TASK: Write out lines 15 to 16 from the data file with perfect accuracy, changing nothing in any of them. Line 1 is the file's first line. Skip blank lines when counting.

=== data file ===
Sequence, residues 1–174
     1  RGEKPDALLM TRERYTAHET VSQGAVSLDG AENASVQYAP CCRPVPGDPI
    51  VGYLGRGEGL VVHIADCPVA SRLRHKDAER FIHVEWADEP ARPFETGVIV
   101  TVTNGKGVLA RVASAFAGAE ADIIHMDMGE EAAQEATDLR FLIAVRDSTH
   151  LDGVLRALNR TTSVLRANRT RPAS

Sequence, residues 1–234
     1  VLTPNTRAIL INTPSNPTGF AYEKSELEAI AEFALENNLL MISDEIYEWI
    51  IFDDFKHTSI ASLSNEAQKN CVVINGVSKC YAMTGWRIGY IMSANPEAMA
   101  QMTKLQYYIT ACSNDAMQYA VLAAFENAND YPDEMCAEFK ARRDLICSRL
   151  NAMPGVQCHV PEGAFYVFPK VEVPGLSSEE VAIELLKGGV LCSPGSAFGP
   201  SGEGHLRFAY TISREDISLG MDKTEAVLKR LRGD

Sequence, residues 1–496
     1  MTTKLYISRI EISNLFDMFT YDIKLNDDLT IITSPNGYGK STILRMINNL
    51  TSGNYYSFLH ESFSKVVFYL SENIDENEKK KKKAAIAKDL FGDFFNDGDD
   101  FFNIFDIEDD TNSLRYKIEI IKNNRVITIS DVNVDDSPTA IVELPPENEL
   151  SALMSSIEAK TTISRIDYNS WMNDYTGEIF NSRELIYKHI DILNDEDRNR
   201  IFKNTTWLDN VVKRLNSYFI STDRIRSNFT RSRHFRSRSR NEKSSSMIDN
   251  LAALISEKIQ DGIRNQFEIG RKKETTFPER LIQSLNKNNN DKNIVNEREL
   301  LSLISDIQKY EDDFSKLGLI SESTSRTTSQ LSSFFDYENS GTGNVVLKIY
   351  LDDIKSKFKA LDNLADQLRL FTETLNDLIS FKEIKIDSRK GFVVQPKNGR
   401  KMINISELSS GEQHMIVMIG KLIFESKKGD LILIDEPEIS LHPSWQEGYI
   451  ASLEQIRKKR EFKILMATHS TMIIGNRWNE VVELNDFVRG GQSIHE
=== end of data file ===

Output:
   101  FFNIFDIEDD TNSLRYKIEI IKNNRVITIS DVNVDDSPTA IVELPPENEL
   151  SALMSSIEAK TTISRIDYNS WMNDYTGEIF NSRELIYKHI DILNDEDRNR